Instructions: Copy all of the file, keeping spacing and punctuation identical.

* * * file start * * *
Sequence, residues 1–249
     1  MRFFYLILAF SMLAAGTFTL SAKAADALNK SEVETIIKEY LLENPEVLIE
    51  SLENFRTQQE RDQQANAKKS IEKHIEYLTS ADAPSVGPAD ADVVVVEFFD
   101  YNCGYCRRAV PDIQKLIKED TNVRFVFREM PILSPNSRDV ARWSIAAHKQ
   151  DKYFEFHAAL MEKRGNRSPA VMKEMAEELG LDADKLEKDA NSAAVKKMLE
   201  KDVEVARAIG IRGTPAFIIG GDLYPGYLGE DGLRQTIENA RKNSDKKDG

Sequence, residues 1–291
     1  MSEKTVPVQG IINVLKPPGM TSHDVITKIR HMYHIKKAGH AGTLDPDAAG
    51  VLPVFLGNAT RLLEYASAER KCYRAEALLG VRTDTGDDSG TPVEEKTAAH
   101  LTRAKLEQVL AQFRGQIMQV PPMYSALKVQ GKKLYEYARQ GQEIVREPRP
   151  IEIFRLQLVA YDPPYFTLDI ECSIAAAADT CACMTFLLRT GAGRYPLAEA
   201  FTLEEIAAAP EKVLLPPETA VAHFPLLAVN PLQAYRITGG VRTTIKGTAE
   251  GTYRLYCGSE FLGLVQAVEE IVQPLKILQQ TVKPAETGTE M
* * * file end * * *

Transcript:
Sequence, residues 1–249
     1  MRFFYLILAF SMLAAGTFTL SAKAADALNK SEVETIIKEY LLENPEVLIE
    51  SLENFRTQQE RDQQANAKKS IEKHIEYLTS ADAPSVGPAD ADVVVVEFFD
   101  YNCGYCRRAV PDIQKLIKED TNVRFVFREM PILSPNSRDV ARWSIAAHKQ
   151  DKYFEFHAAL MEKRGNRSPA VMKEMAEELG LDADKLEKDA NSAAVKKMLE
   201  KDVEVARAIG IRGTPAFIIG GDLYPGYLGE DGLRQTIENA RKNSDKKDG

Sequence, residues 1–291
     1  MSEKTVPVQG IINVLKPPGM TSHDVITKIR HMYHIKKAGH AGTLDPDAAG
    51  VLPVFLGNAT RLLEYASAER KCYRAEALLG VRTDTGDDSG TPVEEKTAAH
   101  LTRAKLEQVL AQFRGQIMQV PPMYSALKVQ GKKLYEYARQ GQEIVREPRP
   151  IEIFRLQLVA YDPPYFTLDI ECSIAAAADT CACMTFLLRT GAGRYPLAEA
   201  FTLEEIAAAP EKVLLPPETA VAHFPLLAVN PLQAYRITGG VRTTIKGTAE
   251  GTYRLYCGSE FLGLVQAVEE IVQPLKILQQ TVKPAETGTE M